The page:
Government has calmed fears over the implementation of a new COVID-19 discharge policy.
The policy, which is in line with the World Health Organization’s (WHO) revised recommendations allows for asymptomatic COVID-19 persons to be discharged after 14 days without a test.
Prior to the new scientific evidence which informed the new discharge guidelines, infected persons on treatment were required to record two consecutive negative tests before they were discharged even if they showed mild or no symptoms after 10 to 14 days.
Following the announcement last week, over 5000 persons at various treatment centres have been discharged by the Ghana Health Service (GHS).
The latest figure released by the GHS showed about 10,473 cases being subjected to the latest recovery guidelines as recovered, leaving Ghana with 3,596 active cases.
The development has raised concerns about a second wave of infections in the country.
But Special Advisor on Health at the Presidency Dr. Anthony Nsiah Asare says there is no cause for alarm.
“We are not the only country who adopted this policy. A lot of countries are adopting it from the European Union, Asian, Pacific and the other countries. This is a recommendation that has been tested and proven in other countries, so it’s not like Ghana is in a rush to do anything. I believe we are trying to find out from other West African countries and I think most of them are also following this type of recommendation. There is no cost-benefit keeping somebody who is sick but is out of the symptoms in hospitals unnecessarily. It is also of no cost-benefit if you keep somebody in the system for 14 days only because you want to see the person testing negative twice,” he noted.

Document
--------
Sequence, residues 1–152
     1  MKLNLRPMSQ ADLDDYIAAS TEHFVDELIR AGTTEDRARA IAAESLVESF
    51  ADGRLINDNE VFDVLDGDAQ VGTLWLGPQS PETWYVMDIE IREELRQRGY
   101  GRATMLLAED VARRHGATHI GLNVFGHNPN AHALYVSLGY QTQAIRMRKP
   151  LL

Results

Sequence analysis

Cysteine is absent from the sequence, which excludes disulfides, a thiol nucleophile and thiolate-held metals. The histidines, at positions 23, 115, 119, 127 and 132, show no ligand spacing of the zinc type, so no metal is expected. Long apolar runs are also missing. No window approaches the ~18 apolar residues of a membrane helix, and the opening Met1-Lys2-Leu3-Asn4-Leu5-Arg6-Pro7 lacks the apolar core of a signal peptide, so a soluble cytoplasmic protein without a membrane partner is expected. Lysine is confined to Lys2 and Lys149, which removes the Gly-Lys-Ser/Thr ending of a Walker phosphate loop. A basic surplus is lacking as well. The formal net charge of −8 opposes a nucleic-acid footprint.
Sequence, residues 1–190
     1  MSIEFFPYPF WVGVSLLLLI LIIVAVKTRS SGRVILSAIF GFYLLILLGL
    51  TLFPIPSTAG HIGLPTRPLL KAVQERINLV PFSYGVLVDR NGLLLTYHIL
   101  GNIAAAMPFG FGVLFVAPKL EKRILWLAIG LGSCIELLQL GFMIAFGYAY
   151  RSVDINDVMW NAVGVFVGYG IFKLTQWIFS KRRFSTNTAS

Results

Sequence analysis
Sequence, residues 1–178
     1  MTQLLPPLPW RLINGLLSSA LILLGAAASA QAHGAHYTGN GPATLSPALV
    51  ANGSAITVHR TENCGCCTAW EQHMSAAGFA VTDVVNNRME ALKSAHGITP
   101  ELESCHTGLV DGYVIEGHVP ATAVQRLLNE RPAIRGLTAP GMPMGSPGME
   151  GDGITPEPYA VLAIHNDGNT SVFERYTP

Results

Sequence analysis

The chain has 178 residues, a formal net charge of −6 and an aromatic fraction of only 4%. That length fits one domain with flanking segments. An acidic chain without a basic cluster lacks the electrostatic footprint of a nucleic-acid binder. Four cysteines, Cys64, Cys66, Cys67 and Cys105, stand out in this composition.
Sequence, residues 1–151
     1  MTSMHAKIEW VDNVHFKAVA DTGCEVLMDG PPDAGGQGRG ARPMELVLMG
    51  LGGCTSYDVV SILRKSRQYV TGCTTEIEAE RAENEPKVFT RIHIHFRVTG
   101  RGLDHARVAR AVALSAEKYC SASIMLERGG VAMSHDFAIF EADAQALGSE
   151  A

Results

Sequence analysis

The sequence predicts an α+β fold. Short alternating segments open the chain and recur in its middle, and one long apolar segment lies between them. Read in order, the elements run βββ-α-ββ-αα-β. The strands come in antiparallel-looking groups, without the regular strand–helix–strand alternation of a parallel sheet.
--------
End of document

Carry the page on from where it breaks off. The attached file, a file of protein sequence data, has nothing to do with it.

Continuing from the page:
The Ghana Health Service had earlier defended its decision to adjust the discharge guideline.
According to them, rising costs of testing, clogging of isolation and treatment centres and rising maintenance costs account for the new COVID-19 discharge policies.
In a press release, the GHS further explained that the reasons for the introduction of the new principles are to among other things decongest the country’s isolation centres.
A Biostatistician and a lecturer at the Department of Biostatistics at the University of Ghana, Dr. Duah Dwomoh, has, however, condemned the government for its new guidelines for discharging persons infected with COVID-19.
He described the new protocols as “terrible” and could lead the country “into a serious situation”.
Speaking on Eyewitness News, he explained that due to the dynamics of COVID-19, persons infected might not show symptoms, but transmit the virus which makes it deadly, insisting that the perception of asymptomatic persons not transmitting the virus is “wrong”.